“Stop it!” Erika turned to face Jerry. Despite his stealth, she’d heard him approach her locker.
He feigned surprise. “What?” At six-foot-five, Jerry stood a foot taller than the seventeen-year-old junior.
The senior athlete wore Keens hiking boots, Dockers pleated khakis, and a tight Samantha Fish concert-t that showed off his muscular chest. He stood stiff-backed, resisting the temptation to lean down towards her. His mother told him that good posture gave him majesty.
“You know what,” Erika hissed, as she pulled a pink envelope from her locker. A white lace valentine slipped out and fell to the floor. Jerry bent down to retrieve it. “The valentines have to stop. Valentine’s Day isn’t for two weeks.”
“I wanted you to know how I feel.”
Erika snatched the card from him and tore it apart. “I’m sick of hearing how you feel, and I want it to stop.”
Her statement troubled Jerry. He hesitated. “What do you want to stop?”
“Valentines. No more! Not in my locker, not in the mail, not on my front step, or wedged into my Physics book. None.” As he processed her statement, Jerry bent down to pick up the pieces. Erika stamped on them, just missing his fingers. “Don’t touch that valentine!”
Erica wore a short white skirt, grungy Nike cross-trainers, and a Quad City Mallards hockey jersey. Curly red hair exploded on her head. He’d never wanted to kiss her more than now, but a crowd had gathered in the locker bay. He knew she wouldn’t let him.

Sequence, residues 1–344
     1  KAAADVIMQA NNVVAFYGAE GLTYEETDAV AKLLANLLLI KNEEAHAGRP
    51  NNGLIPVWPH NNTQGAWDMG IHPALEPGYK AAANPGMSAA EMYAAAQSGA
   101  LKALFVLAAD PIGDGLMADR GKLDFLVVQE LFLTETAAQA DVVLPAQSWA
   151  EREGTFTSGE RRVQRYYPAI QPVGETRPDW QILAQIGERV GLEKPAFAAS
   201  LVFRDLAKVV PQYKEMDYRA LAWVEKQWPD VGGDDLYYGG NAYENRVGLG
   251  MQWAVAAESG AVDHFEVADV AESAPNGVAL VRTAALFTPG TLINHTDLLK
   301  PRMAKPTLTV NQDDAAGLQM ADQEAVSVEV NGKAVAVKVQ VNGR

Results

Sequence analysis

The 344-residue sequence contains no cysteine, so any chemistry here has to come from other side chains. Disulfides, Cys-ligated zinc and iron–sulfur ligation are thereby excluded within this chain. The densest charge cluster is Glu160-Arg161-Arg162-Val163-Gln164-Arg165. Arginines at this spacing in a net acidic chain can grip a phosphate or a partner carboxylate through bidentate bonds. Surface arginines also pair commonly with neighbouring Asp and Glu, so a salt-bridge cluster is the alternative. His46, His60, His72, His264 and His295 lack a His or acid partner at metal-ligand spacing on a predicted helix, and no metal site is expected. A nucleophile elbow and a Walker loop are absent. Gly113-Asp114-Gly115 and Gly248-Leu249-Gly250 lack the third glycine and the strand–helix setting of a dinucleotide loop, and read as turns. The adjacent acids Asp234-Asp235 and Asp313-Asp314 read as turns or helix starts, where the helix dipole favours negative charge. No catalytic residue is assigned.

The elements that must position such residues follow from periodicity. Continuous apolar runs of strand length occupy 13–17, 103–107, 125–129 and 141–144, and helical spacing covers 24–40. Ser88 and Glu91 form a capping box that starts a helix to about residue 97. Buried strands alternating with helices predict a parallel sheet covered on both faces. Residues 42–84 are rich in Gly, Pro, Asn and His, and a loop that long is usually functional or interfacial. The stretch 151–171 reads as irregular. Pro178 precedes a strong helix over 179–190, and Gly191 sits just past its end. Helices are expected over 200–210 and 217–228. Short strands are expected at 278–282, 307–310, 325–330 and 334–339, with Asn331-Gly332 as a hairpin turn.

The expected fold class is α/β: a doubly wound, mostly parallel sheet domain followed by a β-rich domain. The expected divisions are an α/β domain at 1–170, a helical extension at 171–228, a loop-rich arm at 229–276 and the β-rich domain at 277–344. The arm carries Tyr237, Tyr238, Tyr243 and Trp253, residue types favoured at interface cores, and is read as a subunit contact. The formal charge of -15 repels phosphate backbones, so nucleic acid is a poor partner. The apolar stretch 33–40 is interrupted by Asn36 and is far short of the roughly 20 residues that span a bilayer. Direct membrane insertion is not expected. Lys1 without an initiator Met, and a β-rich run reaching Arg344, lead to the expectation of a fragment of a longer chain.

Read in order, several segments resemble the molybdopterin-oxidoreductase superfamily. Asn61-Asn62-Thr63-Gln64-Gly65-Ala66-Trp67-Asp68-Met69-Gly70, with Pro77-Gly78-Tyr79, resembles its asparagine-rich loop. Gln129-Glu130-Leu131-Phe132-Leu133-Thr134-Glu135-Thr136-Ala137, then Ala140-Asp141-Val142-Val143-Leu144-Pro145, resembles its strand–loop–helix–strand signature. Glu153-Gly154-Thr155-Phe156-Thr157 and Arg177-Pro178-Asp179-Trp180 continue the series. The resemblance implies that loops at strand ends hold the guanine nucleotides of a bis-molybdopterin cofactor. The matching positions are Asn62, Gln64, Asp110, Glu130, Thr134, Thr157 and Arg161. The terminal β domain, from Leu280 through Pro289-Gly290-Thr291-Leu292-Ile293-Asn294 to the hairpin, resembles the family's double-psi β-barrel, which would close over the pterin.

He’s clueless, Erica mused. She noted his brown-eyed hurt-puppy-dog face. She knew she needed to be firm. “No more roses dropped on my desk before class,” she said, pushing her index finger into Jerry’s chest to accentuate her point. “No more notes left on my car windshield, no more UPS packages sent to the restaurant where I work, no more lawn gnomes, no more stuffed penguins, no more photos taped to my gym locker, no more gun magazine subscriptions, and for God’s sake, stop Tweeting my grandmother.”
“What am I supposed to do?” Jerry whined.
“Wait for it.” Erika slammed the locker shut, spun the dial, and faced him. “You need to just wait for it.”
He blinked. “Wait for what?”
She shouldered her battered red sports bag and grabbed her lacrosse stick. She needed to get to Physics class. “Wait for the remotest hint that I am interested in another date. Then, and only then, can you ask me out.”
Jerry reached out to stop her, but she turned on him. “And if you ever touch me, without my consent, I’ll break every fucking bone in your hand.” She made eye contact. “Your pitching hand….” Erika noted the fear in his eyes. “You know I’m capable of doing that, don’t you?”
He nodded. “You’ve made that very clear.”
“Give me some space.” She started down the hall.
Just before he was out of earshot, while Erica imagined he was still staring at her athletic thighs, she stopped and spoke without turning around. “But when lacrosse season starts, I damn well better see you in the stands.”
Erika smiled, but, of course, Jerry couldn’t see it. It wasn’t time for him to see how much he amused her. Wait for it, she told herself. Wait for it.
Paul Lewellan lives in Davenport, Iowa, overlooking the Mississippi River. He shares the space with his wife Pamela, an annoying little Shi Tzu named Mannie, and Sunny, a ginger tabby and the queen of the cottage. Paul’s short stories have recently been anthologized in Down the Rabbit Hole; 7 Deadly Sins, Volume 1; Lust; and Lost and Found: Tales of Things Gone Missing.